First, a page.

«You’ve got to be more competitive!» This mantra is drilled into us from all the business schools and universities and institutes related to doing business, to the point where we just repeat it like parrots.
The simplest form of competitiveness is to displace somebody who does the same thing as you somewhere nearby. Essentially, it’s saying “Take off, buddy, this is my turf now.” Price is almost always the only argument. It’s true that in order to be competitive we can do things more efficiently, more cheaply and offer a lower price than the next link in the chain. But is competitiveness with another similar business always a good strategic tool?
Before going any further, we should define a couple of points:
1. Who we are referring to as competition.
2. How we can detect when being competitive is not useful, and what alternative strategies we have.
Regarding who our competition could be, there are several viewpoints:
- A product vision. Competition is referenced to the specific product I make which somebody else also makes. This is usually the most obsessive competition in our minds. If I produce oranges, my competition is another company that produces oranges. It’s that easy.
- A geographic vision. Competition is referenced to geography as well as product. Companies in my town who compete for local reputation, or companies outside my area who do something distinctive, or companies from other countries with their own language and culture. If I produce oranges in Valencia, my competition is another orange producer in Valencia, or indeed in South Africa or Morocco. But the one in Valencia is my greatest competition because I feel his proximity more than the others.
- A value vision. Looks at specific attributes such as healthy products vs. unhealthy ones, sustainables or non-sustainables, companies with social consciousness vs. investor-owned companies. If I produce oranges in a cooperative in Valencia, my competition is an investment company producing ultra-processed products like industrial pastries.
- A holistic vision. We are all in competition 24/7/365. If I produce oranges, my competition is any food product whatsoever that competes to be put in the mouth of the final consumer.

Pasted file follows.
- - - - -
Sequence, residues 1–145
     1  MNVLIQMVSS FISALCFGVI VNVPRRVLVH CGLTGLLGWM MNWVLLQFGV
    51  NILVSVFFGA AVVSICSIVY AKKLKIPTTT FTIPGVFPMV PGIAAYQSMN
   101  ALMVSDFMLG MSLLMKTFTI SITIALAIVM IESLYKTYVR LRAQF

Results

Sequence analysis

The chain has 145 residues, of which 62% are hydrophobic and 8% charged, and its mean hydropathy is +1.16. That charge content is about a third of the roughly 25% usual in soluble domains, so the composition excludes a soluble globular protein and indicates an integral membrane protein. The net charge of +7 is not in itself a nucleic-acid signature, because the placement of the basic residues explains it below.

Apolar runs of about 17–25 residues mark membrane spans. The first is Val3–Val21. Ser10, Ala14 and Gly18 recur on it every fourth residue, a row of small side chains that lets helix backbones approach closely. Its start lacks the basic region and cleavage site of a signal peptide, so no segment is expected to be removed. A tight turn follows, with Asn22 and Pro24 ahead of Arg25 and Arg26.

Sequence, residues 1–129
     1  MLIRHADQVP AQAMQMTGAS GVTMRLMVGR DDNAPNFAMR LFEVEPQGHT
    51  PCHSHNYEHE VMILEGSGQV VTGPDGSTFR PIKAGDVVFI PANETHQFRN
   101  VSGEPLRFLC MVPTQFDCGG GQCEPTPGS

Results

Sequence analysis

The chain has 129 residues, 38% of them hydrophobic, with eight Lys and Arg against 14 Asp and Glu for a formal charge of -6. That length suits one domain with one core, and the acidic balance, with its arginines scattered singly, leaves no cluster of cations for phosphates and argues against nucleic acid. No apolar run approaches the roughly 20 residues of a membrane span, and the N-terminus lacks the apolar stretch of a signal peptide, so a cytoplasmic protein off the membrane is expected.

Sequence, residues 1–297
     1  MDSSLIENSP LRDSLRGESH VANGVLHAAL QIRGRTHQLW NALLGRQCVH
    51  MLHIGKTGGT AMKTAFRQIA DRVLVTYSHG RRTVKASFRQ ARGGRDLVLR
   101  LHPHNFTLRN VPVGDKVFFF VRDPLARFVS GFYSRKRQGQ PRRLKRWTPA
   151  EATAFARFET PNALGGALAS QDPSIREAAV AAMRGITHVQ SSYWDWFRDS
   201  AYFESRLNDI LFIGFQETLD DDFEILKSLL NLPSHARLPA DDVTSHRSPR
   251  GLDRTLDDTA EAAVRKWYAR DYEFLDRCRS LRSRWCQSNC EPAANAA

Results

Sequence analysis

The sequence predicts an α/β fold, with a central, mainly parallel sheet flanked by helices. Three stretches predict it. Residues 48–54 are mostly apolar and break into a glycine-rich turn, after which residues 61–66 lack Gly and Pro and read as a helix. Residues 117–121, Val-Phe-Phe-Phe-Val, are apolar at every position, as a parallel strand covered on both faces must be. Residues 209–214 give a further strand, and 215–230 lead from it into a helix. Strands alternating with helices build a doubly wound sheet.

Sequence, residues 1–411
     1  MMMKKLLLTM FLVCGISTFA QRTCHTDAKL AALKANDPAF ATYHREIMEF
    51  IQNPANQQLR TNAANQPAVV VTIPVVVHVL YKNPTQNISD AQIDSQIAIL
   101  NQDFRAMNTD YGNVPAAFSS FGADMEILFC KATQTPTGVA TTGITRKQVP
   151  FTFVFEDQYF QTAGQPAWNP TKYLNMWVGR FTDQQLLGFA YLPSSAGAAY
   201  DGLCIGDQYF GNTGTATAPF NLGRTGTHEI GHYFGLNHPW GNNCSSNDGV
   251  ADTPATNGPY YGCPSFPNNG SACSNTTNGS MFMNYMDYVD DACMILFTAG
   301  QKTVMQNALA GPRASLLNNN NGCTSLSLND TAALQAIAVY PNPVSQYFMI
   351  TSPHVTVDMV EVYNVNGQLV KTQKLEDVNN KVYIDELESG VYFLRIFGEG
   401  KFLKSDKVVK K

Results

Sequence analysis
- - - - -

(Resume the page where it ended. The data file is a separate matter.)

- A nihilistic vision. Nobody competes with anybody. If I produce oranges, my own production capacity is my only limit.
Each of these visions can be applied or not; each of them can combine or evolve with the others, depending on our strategy for utilizing them in one way or another.
Along with these viewpoints of our competitors, however, there are other much more dangerous ones. Can you guess? What could be more dangerous than a company in my town that does the same as me? It sounds impossible but there it is, the Competition with a capital C is the UNFAIR company, the one that has no respect for the rules of the game that you follow, the parasite that uses the system to unscrupulously extract its own advantage. These are companies, for example, in the agro-foods sector, that utilize immense lobbying and marketing machines to perform their green washing, healthy washingor social washing. In other words, they are companies who adorn themselves with what they are not: green-, healthy- or social- conscientious, so as to distract consumers and the legislators from their patently undesirable attributes. They take many forms of distraction and traps, lies and subterfuge; when the tools of competition are laid out clearly, it is worth putting these more dangerous ones in our direct line of sight.
The second point is to when being competitive is NOT a good idea. Here are two clear scenarios:
- Amidst changing or disruptive circumstances such as we have now, being competitive can be a death sentence. Can you possibly imagine that the Titanic in her very first voyage wanted so badly to break the time record for crossing the Atlantic that they pushed her 29 efficient boilers to the limit, even when they knew there would be icebergs, and knew they had saved money by skimping on lifeboats? Something terrible was bound to happen. It’s just not a good idea to be competitive, efficient, and stingy while doing something you shouldn’t.